INTROIntroduction Recession Prep 101: Investing in Real Estate During a Financial Crisis
01Chapter 1 Don’t Repeat the Mistakes of the Past
02Chapter 2 Protecting Your Investments During an Economic Downturn
03Chapter 3 Real Estate Risk Factors During a Recession
04Chapter 4 What Happens if a Recession Becomes a Depression?
05Chapter 5 So What Should Real Estate Investors Expect During a Recession?
06Chapter 6 Assessing Your Recession-Ready Investment Portfolio
07Chapter 7 Which Recession-Proof Real Estate Investments to Choose
08Chapter 8 How to Make the Best Use of Your Time During a Downturn
Recession Prep 101: Investing in Real Estate During a Financial Crisis
It’s never fun to navigate stormy times—but economic downturns are just as much a part of investing as sunny upturns. Smart real estate investment strategies will keep you steady, despite rough waters.
This roller coaster start to 2020 might make you anxious about your investments, but the experts at BiggerPockets know exactly how to weather an economic downturn. Here’s what you need to know about today’s economy, including how to manage your existing investments and where to put your money next.
Don’t Repeat the Mistakes of the Past
When I asked J. Scott, the author of Recession-Proof Real Estate Investing, his advice for investors who haven’t weathered economic downturns, he had—unsurprisingly—a lot to say.
“I remember a couple occasions in college stumbling back to my apartment after a few too many drinks, the room spinning, lying on the edge of my bed and thinking to myself, ‘I will never do this again,’” he says. “And for a few days, maybe even a few weeks, that memory was enough to keep me from doing it again.”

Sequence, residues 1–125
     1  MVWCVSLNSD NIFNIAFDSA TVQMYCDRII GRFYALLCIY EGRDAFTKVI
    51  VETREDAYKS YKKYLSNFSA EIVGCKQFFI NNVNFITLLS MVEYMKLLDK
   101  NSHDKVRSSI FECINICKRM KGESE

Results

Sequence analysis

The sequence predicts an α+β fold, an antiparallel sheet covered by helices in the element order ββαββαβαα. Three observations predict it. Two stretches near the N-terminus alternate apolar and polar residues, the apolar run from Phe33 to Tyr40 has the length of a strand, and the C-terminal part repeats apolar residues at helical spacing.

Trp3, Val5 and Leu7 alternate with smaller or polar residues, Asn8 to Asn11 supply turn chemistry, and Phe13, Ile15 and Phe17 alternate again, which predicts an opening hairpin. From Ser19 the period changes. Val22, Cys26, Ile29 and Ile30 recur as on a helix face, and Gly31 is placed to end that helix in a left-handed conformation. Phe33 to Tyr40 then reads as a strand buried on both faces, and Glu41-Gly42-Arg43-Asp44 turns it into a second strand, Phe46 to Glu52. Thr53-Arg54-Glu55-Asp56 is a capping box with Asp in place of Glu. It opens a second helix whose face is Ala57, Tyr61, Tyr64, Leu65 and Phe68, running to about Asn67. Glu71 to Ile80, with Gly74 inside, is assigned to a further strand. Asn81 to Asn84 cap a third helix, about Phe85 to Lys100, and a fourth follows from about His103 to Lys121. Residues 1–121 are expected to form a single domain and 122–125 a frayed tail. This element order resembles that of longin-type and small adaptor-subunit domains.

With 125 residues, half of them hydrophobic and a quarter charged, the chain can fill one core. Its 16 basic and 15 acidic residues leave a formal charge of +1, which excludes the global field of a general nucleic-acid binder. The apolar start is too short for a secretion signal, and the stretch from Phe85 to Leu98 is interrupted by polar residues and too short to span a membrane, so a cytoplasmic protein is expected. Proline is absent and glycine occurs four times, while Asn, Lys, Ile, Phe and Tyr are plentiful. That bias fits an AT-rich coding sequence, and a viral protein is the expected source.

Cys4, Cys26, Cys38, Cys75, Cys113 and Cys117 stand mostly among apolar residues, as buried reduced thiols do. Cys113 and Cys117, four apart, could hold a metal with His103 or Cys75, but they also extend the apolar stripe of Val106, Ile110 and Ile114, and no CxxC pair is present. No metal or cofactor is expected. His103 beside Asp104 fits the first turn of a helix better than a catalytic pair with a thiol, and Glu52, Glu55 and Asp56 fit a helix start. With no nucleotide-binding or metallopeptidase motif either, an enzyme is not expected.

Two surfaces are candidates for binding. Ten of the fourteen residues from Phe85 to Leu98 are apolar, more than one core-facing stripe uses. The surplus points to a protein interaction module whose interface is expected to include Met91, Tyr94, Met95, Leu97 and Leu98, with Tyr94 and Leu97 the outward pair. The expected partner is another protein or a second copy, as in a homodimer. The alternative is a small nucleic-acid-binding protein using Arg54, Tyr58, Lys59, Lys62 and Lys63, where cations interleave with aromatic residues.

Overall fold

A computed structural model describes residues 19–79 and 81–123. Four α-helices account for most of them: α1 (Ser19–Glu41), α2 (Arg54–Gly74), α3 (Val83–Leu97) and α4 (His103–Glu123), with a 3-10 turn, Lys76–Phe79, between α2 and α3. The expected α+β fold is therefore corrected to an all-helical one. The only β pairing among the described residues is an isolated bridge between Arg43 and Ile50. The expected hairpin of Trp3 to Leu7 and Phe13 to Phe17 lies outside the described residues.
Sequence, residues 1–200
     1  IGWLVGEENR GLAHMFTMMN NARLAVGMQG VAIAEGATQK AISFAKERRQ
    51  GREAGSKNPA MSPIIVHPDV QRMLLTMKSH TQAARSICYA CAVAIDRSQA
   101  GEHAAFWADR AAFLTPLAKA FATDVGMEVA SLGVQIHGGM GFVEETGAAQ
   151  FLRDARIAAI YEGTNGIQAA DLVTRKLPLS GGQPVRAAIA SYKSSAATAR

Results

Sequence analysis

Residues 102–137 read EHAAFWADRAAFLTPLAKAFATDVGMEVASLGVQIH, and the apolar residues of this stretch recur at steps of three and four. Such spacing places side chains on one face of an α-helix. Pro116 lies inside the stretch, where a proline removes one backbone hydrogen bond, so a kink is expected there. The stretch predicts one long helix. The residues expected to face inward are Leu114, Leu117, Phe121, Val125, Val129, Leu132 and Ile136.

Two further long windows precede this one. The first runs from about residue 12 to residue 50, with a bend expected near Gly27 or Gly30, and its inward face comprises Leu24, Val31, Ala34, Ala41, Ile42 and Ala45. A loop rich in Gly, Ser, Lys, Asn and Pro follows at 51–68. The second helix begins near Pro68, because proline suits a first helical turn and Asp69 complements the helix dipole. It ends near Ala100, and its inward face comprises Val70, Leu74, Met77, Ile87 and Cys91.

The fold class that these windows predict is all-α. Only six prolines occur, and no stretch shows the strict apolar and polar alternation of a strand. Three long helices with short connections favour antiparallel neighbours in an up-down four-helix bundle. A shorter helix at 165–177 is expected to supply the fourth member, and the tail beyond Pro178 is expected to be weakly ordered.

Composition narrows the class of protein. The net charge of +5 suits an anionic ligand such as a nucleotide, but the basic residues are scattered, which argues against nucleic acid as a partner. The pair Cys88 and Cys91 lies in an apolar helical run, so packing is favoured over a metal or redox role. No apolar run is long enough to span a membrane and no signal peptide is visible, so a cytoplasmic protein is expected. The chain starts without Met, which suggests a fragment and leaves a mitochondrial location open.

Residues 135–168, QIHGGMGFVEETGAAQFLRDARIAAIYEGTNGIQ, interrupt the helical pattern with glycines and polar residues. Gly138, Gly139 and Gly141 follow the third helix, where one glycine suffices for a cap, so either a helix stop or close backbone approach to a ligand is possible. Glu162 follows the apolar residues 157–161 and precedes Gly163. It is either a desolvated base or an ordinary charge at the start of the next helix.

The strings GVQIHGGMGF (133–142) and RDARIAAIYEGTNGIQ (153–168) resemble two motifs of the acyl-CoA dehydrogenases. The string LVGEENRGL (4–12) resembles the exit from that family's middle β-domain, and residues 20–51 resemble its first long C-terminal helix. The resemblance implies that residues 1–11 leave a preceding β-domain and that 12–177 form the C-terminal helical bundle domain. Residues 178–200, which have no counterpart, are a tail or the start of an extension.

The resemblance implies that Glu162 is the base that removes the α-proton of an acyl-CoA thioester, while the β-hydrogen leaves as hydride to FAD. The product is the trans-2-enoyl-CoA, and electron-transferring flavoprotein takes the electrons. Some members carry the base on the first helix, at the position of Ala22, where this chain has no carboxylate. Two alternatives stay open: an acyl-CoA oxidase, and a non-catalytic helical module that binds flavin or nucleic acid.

But the memory of the misery didn’t last. “The pain, sickness, and nausea was no longer fresh in my mind, and I was free to be the same stupid kid, making the same exact mistake,” he says.
What does this have to do with real estate investing? A lot, actually.
In the early-aughts, before the effects of the 2008 recession started to fade, Scott spoke with a number of shell-shocked investors. All of them faced financial and investing struggles—“but we made it through, each of us with a new-found perspective on what a massive economic shift could do to our industry and with a healthy fear of it happening again,” he says. “At the time, it was hard to imagine the good times ever returning.”
As investors, we must always remember that things are never as good or as bad as they seem. The economy, the markets, and real estate itself is cyclical. It will get better. Things will return to normal, and we must make good investing decisions that will prepare us for when that shift back to ‘normal’ occurs.